Pentecost +4

Last week, Doan and I were at Jester’s for dinner when we ended up talking to a gentleman sitting at the bar to our right. It was a rather raucous in Jester’s that evening, and with each beer our new friend drank, the more, let’s say, open, he got. As Doan and I were getting up to leave, we found that we hadn’t yet properly introduced ourselves to the gentleman, and so Dean Imlay, who was also there, did it for us. “That’s Father Matt and Doan,” Dino said, at which point our new friend spent about a minute and a half apologizing for all the cursing and other bad things he had said.

People get caught off guard all the time, myself included. We aren’t always aware of ourselves, how we are acting, or in front of whom we are when we have an occasion of acting badly. No doubt those original twelve disciples had an ‘uh-oh’ moment with Jesus, that moment when it became clear that their friend and rabbi was not just their friend and rabbi. My guess is that we just heard a recounting of that moment from St. Mark.

Jesus and His disciples were traveling by boat when a great windstorm kicked up which threatened their very survival. Jesus was apparently very tired, and so was not to be deterred from catching some Z’s. “What the heck, Jesus,” said the scared and worried disciples, “don’t you care that we’re this close to dying?” Jesus got up, told the wind and the sea to chill out, and then told the disciples they were a pack of clowns for being so worried. Their reaction was priceless.

Now, “We are not told the disciples were filled with wonder. We are not told they asked this question trembling with joy or anticipation. We are not told that they asked one another this question with excitement rising in their voices. No, we’re told they were “terrified,” and the discerning reader has to wonder why. After all, the disciples have been with Jesus long enough now to have seen a lot of spectacular healings, including the casting out of some demons. They have been around Jesus long enough to sense that he possesses phenomenal powers and is, by most any reckoning, no ordinary man or rabbi. True, they’ve not seen him command the very forces of nature in just this way but it wasn’t exactly the first time they’d seen power at work in and through the very words of their master.”1

“But things are different in case you realize you are in the presence of not just a gifted person but no less than God himself! (Not unlike realizing that you’ve been cursing up a storm in front of the local priest,) …if you have occasion to realize that you’ve been hanging around with God all along, suddenly you start to wonder about other things. Suddenly you wonder if all along he’s been able to read your mind, know your thoughts, see the envy and the anger and the things you didn’t say (but wanted to) and that were not all that kind. Suddenly you wonder if you’ve been sitting up straight enough and behaving well enough all along, if maybe the things you’ve done and said are going to have consequences well beyond the momentary (as in, maybe into eternity . . .). As Fred Craddock once said in a sermon about John the Baptist, what made John the Baptist intriguing was that his preaching brought people right into the presence of God which, as Craddock put it, “Is what everybody wants, and what nobody wants.”2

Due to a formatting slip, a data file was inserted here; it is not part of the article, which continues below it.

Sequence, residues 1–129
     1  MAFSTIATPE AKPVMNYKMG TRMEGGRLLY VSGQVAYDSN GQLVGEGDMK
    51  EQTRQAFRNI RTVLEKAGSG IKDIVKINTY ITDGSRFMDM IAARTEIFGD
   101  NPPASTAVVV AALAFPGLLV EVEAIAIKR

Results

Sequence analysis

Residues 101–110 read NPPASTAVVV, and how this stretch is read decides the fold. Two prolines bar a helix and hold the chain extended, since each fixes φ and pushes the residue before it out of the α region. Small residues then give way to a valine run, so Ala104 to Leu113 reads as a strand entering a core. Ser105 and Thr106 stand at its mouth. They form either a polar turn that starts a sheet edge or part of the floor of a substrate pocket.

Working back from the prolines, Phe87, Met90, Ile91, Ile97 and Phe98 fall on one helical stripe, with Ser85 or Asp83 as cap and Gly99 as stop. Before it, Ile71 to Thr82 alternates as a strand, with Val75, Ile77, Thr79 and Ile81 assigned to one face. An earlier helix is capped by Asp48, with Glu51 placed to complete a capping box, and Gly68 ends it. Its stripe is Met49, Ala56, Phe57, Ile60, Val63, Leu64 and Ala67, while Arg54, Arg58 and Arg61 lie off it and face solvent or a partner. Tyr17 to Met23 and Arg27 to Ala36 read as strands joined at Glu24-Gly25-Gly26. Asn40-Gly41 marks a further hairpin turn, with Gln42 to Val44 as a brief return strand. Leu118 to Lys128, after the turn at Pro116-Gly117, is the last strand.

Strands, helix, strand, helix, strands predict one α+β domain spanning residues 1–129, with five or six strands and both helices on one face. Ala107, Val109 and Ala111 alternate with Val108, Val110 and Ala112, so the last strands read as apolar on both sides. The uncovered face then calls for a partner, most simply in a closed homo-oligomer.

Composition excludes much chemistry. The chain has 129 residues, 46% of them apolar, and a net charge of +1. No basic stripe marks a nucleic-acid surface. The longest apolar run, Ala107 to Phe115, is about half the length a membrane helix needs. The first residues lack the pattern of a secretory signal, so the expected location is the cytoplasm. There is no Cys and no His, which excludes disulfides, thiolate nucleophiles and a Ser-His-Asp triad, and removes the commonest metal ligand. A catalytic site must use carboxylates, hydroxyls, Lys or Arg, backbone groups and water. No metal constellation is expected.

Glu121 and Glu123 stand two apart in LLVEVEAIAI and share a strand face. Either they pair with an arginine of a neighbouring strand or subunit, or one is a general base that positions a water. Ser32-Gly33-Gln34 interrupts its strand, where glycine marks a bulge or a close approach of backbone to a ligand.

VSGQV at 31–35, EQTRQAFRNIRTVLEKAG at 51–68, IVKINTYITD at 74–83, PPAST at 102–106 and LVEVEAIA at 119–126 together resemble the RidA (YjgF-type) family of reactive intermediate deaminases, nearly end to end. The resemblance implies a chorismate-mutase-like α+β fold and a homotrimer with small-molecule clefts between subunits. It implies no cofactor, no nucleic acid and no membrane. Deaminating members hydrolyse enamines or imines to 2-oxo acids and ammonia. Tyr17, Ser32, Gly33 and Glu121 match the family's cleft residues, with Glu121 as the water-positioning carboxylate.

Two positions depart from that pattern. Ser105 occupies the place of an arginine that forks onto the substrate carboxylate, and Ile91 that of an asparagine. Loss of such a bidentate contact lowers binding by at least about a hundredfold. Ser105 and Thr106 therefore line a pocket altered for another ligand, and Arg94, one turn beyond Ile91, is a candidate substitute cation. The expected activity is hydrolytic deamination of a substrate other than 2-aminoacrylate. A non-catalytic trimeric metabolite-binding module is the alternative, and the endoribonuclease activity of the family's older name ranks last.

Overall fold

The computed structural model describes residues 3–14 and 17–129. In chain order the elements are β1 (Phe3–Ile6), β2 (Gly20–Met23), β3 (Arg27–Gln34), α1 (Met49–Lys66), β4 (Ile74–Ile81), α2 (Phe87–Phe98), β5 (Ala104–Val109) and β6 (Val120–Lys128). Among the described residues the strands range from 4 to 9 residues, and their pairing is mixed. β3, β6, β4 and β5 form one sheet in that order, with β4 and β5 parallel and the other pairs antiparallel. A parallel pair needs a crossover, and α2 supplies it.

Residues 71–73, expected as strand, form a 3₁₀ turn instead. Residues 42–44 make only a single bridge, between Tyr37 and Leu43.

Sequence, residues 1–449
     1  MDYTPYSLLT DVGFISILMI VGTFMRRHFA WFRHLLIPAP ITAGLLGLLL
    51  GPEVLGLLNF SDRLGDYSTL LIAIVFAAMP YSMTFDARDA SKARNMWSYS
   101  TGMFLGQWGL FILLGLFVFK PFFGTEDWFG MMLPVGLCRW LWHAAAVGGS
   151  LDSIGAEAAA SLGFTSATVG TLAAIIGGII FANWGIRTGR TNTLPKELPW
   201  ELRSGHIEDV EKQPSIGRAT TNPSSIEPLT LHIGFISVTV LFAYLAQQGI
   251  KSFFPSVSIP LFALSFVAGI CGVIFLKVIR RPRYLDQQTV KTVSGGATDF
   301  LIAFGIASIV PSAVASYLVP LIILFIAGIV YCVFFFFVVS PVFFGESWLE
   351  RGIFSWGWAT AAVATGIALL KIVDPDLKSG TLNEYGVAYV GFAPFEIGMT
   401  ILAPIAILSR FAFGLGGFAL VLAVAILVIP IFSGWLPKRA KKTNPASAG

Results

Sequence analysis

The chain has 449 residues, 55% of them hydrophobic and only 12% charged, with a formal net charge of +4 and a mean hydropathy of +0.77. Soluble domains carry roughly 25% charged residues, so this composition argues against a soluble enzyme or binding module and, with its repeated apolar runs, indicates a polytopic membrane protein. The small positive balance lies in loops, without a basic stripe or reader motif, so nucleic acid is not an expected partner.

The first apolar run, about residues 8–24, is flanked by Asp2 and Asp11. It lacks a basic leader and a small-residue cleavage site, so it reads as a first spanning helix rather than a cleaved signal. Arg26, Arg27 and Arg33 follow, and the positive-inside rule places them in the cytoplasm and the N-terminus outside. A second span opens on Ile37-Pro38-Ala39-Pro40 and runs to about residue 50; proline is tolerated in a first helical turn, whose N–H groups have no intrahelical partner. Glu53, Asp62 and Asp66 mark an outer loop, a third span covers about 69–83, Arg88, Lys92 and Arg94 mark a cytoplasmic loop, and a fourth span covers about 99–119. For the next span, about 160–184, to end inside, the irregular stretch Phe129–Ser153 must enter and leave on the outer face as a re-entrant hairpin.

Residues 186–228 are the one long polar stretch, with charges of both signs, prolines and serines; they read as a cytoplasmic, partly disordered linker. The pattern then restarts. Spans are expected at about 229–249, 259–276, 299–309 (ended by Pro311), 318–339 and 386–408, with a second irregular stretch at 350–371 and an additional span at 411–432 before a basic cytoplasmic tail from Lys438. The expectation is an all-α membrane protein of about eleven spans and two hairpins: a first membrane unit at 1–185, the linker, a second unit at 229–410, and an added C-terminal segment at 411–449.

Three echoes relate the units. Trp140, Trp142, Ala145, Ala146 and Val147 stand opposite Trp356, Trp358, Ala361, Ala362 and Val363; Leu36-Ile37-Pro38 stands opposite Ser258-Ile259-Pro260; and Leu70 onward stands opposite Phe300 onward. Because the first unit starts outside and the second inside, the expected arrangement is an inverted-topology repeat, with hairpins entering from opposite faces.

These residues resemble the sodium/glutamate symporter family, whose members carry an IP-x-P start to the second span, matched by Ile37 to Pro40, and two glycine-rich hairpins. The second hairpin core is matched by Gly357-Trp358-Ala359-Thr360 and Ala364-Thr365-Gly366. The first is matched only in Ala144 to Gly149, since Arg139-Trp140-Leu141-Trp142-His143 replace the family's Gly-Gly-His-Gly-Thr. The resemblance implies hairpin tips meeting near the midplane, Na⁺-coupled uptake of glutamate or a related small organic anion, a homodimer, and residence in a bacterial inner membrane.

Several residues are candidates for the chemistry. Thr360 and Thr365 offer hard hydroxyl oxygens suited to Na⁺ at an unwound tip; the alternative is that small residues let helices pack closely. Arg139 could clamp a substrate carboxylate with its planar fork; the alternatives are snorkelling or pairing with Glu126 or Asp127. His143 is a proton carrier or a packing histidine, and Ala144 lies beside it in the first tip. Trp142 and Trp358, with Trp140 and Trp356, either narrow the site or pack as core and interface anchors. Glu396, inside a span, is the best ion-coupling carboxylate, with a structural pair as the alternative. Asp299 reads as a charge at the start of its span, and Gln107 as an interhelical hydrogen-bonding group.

As humans, as mortals, created beings, we do not, on an everyday basis, assume that we will end up in the presence of God. When Isaiah found himself before the throne, he only managed to utter “Woe is me, for I am undone! Because I am a man of unclean lips, and I dwell in the midst of a people of unclean lips; For my eyes have seen the King, The Lord…” We heard about Job finally running into the God he so loved, only to be shouted down: “Where were you when I laid the foundations of the earth,” God asked Job. God told Job to prepare himself ‘like a man’ for His questions, perhaps marking the first time God told someone to put on their big-boy pants and man up. The disciples finally figured out that Jesus was not only a great teacher and wonder-worker, but the Son of the living God, and they were rightly terrified.

It would not be incorrect for us to be terrified at the prospect of being in the presence of God, and yet here we are, in the presence of God. We will see God work today in the saving waters of Baptism, in the sacrifice of the Mass; we will be in His presence no less surely than those first disciples were, and if we pause for a moment to consider the consequences, no one would blame us. But if we remember that God has all along known the good and the bad hidden in our hearts, that He has seen the worst we have to offer and yet still He sent Jesus to be with us and for us, to give His life for us, we can take comfort and remember that most of all God loves us, and in His presence is where we are meant to be.

1Scott Hoezee, This Week.
2Ibid.

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